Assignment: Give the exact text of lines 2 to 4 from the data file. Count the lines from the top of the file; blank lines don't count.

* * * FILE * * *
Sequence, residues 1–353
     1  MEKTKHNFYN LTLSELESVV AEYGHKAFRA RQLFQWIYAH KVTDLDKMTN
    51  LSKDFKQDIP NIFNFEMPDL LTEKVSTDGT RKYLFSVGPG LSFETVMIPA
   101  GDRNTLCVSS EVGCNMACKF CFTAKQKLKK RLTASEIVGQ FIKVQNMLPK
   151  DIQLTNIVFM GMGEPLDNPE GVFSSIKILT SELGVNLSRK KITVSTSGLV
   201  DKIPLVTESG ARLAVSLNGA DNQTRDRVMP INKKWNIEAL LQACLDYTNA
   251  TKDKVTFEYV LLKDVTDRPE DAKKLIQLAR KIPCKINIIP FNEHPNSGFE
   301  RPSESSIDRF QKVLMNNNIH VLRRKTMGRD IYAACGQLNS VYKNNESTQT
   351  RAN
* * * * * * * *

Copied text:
     1  MEKTKHNFYN LTLSELESVV AEYGHKAFRA RQLFQWIYAH KVTDLDKMTN
    51  LSKDFKQDIP NIFNFEMPDL LTEKVSTDGT RKYLFSVGPG LSFETVMIPA
   101  GDRNTLCVSS EVGCNMACKF CFTAKQKLKK RLTASEIVGQ FIKVQNMLPK